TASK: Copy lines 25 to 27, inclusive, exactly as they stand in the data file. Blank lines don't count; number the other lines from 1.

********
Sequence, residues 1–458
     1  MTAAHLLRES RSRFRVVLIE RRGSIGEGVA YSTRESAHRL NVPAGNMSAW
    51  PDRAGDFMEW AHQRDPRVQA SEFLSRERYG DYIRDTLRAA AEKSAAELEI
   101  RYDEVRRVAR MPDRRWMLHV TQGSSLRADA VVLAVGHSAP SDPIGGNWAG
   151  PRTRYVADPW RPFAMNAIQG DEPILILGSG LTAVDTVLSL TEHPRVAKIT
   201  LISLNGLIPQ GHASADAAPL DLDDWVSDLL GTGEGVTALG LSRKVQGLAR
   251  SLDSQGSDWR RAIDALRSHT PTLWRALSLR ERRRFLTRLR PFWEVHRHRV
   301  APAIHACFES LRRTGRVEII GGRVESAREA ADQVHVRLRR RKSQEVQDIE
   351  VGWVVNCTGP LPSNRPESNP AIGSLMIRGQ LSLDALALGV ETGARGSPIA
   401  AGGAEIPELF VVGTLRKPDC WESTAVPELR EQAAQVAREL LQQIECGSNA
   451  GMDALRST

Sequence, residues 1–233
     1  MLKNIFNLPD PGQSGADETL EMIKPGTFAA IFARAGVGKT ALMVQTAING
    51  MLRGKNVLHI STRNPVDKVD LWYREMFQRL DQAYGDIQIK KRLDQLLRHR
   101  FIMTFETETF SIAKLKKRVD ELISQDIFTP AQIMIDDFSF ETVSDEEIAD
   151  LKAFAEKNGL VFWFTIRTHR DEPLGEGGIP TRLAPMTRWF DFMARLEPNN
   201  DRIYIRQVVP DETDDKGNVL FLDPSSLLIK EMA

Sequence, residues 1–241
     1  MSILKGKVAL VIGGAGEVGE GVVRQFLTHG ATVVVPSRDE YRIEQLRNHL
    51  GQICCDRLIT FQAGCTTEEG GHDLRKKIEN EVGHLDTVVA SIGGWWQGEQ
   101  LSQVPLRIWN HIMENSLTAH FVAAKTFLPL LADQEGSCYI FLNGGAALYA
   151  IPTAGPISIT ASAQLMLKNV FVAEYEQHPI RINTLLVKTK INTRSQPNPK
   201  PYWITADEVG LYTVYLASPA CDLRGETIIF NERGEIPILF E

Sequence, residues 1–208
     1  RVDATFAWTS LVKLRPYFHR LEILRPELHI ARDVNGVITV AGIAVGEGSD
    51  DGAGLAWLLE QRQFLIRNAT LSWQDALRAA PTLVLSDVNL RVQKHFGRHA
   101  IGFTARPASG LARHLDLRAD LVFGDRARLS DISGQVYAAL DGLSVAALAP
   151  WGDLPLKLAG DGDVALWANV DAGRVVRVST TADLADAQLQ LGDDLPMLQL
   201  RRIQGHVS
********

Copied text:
     1  RVDATFAWTS LVKLRPYFHR LEILRPELHI ARDVNGVITV AGIAVGEGSD
    51  DGAGLAWLLE QRQFLIRNAT LSWQDALRAA PTLVLSDVNL RVQKHFGRHA
   101  IGFTARPASG LARHLDLRAD LVFGDRARLS DISGQVYAAL DGLSVAALAP